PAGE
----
Disc (Frisbee) golf in Canmore

Heat arrived in Calgary this weekend. It’s been warm here for a few weeks now (off and on, anyway), but this was the first really hot time in the ol’ town. Which, of course, is a perfect excuse to flee the city for a day.

A few people in Calgary (like, half the resident population) are out this weekend. Half of Critical Mass took today off so they could get a nice four-day weekend (counting tomorrow’s national holiday). I suspect the rest of Calgary ain’t much different.

Jim called me shortly after noon, announcing that he had awoken to a beautiful day and felt absolutely no reason to do any of the cleaning and packing he needed to do so he could move into his new apartment. Instead, he was gathering a few people together to go disc golfing in Canmore. This sounded immensely better than the paint research I was doing.

Okay, so two questions come out of that paragraph. First off, what’s with the paint research? Simple: gotta paint the house, and I’ve never done it before. So there’s a lot of reading about latex, alkyd, oil-based, water-based, gloss vs. flat, and various painting techniques. Needless to say, riveting material it ain’t.

Now, what the heck is disc golf, you ask? This is my new outdoor activity. You might have heard of it as “Frisbee golf”. Since “Frisbee” is a trademarked name, the generic “disc” is used instead. It’s very similar to normal golf, with tees, holes, drivers, and putters.

There are significant differences, of course. For example, instead of putting into a little hole, you aim for a basket. And when you get buried in the trees or bush and can’t throw normally, you throw what’s called a “hammer”, which is to throw the disc vertically through whatever gap you can find. If thrown properly, the disc will turn on its back and settle out.

There’s all sorts of weird terms like this, which I’m just beginning to learn.

I first played disc golf a week ago yesterday, when Jim hauled me out with Scott (from work) to Centary Park in Calgary (right next to the Zoo) to get introduced to this rather odd sport. I had to borrow a disc from Jim, as I don’t have anything even resembling a Frisbee. For my first time out, I didn’t do half badly. Especially considering I “putted” the entire 9-hole course.

Yes, there are drivers and putters. There are also mid-range discs. All of them are either flat, overstable, or understable (basically, they either go straight, turn left or right, assuming you throw them properly). While you don’t technically need all of these to play (just like you don’t need a full set of clubs in regular golf), having a driver and a putter helps. Drivers have better distance, and putters are more stable in close-quarters.

This is what I found out over the last week as I played in Centary Park with Jim and Scott. It’s a bit tricky in that park because you’re always looking out for pedestrians and the various hazards (disc-eating bushes, other golfers, and the Bow River, into which one of Scott’s discs plunged on Thursday). But Centary Park is flat — no hills, no valleys. It’s nothing like going to Canmore.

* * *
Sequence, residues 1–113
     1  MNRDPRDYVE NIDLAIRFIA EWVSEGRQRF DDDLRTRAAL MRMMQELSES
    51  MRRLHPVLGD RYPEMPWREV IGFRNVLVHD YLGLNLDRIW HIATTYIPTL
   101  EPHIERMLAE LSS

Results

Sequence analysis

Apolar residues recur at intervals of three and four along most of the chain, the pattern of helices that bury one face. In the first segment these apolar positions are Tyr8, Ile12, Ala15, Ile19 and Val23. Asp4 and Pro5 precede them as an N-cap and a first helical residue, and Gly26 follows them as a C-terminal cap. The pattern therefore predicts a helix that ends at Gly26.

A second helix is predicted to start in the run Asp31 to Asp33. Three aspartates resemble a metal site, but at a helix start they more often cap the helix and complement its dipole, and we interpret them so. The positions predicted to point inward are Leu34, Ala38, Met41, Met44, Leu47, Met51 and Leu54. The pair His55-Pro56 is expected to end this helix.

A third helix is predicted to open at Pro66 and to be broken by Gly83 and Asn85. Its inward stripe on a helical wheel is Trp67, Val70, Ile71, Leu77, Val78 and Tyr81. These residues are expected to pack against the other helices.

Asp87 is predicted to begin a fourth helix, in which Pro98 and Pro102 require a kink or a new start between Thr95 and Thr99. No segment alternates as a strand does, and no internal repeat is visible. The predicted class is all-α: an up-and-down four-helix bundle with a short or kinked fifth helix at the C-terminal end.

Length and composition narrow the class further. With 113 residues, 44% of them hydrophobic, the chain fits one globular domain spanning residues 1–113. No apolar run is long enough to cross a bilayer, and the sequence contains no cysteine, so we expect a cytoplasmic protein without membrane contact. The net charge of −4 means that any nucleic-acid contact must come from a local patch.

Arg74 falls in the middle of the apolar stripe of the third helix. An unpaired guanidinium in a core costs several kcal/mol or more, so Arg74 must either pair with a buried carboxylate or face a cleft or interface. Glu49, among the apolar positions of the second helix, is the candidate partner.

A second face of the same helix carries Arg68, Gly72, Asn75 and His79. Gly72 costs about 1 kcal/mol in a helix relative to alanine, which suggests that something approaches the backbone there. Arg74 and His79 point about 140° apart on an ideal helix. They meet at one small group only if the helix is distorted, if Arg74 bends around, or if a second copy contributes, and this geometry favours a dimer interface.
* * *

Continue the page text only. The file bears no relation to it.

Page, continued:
On the southwest side of Canmore, just up the side of the mountains, is the Canmore Nordic Centre. During the warmer months, the only snow you see in this area is in the odd pocket near the top of the adjoining mountains. And this time of year, there ain’t much snow left.

The cross-country skiing paths, which host races throughout the winter, serve a much more recreational purpose in the summer: the disc golf course. There are no “greens” per se, but you have an area wide enough to throw your discs without constantly impaling trees. That’s not to say, of course, that your disc won’t bounce off a tree and disappear into the undergrowth…

The first hole is on the edge of the forest. The basket is actually in the trees, just to make things interesting. The second hole is downhill, and is surprisingly deceptive due to both the horizontal and vertical distance. This is how the entire course goes. Sometimes the road (which is basically what you’re on) is 10 metres wide. In some places, it’s even narrower.

On one hole, you’ve got to shoot up a fairly steep grade (8%-9%). Here’s the catch: discs have a tendency to “slide” back in the direction thrown if you throw them too steeply. The group ahead of us actually hammered them up the hill. Brad tried to hammer his, and ended up in the woods. Scott, Jim, and I threw normally with varied results. The jury’s still out on which method is better.

Aside from the clouds of mosquitoes, the game was great. Because we were playing literally on a hill, we got a great workout running up and down the course. The fresh air (ever so slightly scented with the surrounding pines) was also a nice change from the city air.

Before we knew it, the 18th hole lay before us. The game had taken two hours, but had ended too soon. Although an hour away, I’ll most certainly be going back to the course again. It’s too much fun to pass up.

Besides, there are only two courses in town, and the next nearest ones are about an hour away…

Following the game, we stopped at one of the local bars (the Rose and Crown) to relax on the patio and watch the … uh … “wildlife”. A quick drink, a quick snack, and it was on the road for Calgary. We held an impromptu barbecue at my house, then made a break for a couple of rounds of cheap bowling. By the time I got home, it was almost 23:30. And I get up at 5:30. But I didn’t mind so much. After a day like yesterday, a little less sleep isn’t such a big deal.

Today’s another scorcher here in Cowtown, but I get to be in the office all day. It’s quiet here with half the team out. Just means that I’ll be able to leave right at five.

Gotta get to the disc golf course to get a game in.

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